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USC leaders take blame for missing passing of mega-donor's mother, looking to repair ties

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University of South Carolina President Bob Caslen (center) speaks with Eddie King, Special Assistant to the President for System Affairs, (left) and Derham Cole, the newly appointed Vice President for System Affairs, during a break of the April 9 board meeting. Caslen and board chairman Dorn Smith knew about the death of USC mega-donor Darla Moore's mother a day before the April 3 funeral but failed to share the information. Moore sent a scathing letter to school leaders on April 5 as Caslen was instructing his staff to send condolences. Andy Shain/Staff

COLUMBIA — University of South Carolina leaders accepted the blame for not quickly acknowledging the passing of the mother of the school's biggest donor, Darla Moore, who angrily wrote off her alma mater after the incident.

"I deeply regret the way our response was delayed, and I take full responsibility as a president of the university," USC President Bob Caslen told The Post and Courier on April 9.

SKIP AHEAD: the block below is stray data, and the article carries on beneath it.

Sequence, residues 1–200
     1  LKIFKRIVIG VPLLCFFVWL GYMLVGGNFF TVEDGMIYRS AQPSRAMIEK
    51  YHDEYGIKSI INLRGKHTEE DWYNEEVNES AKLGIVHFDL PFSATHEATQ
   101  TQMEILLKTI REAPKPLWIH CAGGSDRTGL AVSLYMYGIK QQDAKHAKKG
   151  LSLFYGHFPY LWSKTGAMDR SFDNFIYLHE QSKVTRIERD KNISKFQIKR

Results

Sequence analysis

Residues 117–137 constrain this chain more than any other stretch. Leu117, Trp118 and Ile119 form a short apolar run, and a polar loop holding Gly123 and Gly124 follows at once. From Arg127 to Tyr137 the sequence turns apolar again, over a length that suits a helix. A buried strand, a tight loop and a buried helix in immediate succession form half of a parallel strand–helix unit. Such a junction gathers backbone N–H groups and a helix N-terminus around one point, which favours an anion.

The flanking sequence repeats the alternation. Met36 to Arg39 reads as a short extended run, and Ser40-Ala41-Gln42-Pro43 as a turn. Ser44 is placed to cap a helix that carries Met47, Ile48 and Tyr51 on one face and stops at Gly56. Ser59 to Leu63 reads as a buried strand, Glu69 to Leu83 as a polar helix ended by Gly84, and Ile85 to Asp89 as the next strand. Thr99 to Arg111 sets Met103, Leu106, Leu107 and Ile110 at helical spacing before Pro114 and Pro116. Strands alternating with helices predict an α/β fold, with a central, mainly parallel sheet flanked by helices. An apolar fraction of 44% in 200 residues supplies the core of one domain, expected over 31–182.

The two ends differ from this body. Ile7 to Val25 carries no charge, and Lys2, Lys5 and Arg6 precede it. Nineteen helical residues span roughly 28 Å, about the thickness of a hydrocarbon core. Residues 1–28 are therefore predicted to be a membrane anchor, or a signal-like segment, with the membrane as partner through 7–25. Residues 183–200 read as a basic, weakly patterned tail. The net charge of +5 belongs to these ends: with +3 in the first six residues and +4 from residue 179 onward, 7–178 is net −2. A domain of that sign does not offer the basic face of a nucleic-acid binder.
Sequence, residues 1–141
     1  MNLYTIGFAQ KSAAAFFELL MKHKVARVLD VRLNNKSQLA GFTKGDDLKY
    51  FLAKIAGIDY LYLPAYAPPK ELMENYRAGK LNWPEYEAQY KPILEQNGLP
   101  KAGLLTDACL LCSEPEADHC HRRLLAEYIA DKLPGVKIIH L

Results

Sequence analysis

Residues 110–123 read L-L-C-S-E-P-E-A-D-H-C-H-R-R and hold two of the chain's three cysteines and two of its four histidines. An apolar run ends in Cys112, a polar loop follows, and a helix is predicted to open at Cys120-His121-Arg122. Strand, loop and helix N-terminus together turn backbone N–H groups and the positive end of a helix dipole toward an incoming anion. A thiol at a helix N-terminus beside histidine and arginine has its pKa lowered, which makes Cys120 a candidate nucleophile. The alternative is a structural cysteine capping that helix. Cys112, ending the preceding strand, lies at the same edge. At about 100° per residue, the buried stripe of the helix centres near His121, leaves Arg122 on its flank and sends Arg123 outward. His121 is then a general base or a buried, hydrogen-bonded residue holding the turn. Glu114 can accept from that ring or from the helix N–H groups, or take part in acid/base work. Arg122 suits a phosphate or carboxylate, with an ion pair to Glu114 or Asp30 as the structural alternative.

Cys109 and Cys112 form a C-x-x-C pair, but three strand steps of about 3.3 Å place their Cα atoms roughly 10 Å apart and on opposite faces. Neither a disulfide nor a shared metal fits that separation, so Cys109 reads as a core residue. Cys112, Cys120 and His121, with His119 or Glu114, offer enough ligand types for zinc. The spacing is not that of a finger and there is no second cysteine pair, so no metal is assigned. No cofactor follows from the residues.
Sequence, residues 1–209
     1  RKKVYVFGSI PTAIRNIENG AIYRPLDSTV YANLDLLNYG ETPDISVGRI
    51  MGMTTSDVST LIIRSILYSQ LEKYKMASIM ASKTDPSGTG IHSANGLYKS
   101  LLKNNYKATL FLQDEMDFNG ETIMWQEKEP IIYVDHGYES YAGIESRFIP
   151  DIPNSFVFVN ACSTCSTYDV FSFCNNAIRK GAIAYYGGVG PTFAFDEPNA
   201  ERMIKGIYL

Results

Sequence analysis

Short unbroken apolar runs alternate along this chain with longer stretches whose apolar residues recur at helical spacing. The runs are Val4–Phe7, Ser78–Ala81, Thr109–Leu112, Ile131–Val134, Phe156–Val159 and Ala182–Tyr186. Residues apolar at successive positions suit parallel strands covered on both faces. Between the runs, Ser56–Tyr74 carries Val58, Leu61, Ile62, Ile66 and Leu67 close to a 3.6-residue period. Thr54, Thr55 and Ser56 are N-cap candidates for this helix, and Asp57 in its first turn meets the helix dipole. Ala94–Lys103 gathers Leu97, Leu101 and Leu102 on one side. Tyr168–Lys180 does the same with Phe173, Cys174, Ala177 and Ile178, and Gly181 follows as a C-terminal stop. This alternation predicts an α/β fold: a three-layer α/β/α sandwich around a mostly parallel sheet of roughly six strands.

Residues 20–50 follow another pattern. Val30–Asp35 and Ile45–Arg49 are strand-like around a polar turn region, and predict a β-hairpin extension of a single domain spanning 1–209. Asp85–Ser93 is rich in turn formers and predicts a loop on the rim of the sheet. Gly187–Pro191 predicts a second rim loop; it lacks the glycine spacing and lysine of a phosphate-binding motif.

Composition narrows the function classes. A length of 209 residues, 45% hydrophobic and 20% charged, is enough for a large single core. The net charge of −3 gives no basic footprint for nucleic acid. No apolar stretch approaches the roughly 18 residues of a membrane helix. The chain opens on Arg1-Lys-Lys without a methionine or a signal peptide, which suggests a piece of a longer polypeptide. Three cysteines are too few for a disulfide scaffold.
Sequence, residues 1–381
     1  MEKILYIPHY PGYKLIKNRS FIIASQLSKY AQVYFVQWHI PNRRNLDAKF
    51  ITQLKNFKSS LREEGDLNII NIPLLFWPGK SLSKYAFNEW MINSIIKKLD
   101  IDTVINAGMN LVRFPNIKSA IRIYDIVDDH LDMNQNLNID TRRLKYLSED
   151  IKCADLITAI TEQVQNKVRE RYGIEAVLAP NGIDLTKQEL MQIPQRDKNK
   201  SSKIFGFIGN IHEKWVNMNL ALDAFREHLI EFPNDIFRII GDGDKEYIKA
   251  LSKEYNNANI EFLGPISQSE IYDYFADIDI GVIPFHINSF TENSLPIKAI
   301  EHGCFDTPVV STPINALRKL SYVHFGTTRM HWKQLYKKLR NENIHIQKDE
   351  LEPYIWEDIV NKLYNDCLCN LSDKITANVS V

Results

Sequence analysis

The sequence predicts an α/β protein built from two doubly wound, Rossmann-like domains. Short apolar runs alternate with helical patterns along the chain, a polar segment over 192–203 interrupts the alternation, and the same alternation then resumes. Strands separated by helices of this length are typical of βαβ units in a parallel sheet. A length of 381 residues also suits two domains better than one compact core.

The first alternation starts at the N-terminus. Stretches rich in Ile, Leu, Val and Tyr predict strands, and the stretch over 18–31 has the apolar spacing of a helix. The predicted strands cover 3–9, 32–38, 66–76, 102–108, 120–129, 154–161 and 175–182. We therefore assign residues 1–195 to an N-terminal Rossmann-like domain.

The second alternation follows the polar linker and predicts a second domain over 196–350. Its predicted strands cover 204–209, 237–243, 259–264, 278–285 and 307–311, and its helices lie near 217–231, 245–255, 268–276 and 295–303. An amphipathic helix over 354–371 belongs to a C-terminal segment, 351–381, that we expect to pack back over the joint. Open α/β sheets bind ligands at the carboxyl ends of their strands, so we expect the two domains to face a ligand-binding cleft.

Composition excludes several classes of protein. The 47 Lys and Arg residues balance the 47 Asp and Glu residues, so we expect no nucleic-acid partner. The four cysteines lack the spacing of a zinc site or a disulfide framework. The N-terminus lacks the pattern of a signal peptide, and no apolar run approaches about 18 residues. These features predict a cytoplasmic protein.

Nearly a week after her 89-year-old mother passed away, Moore, a Lake City financier, received flowers from the university and calls from trustees, sources with knowledge told The Post and Courier. USC also sent a memorial in Lorraine Moore's name to the National Bean Market Museum in Lake City.

Caslen said that he sent Moore a hand-written note, and USC board Chairman Dorn Smith said he has tried to call Moore. Neither have received a reply.

Moore's silence is a sign of the fractured relationship between the state's largest college and its biggest benefactor that worsened two years ago during the troubled presidential search when she asked the board to restart the search rather than hire Caslen, a retired general and West Point superintendent.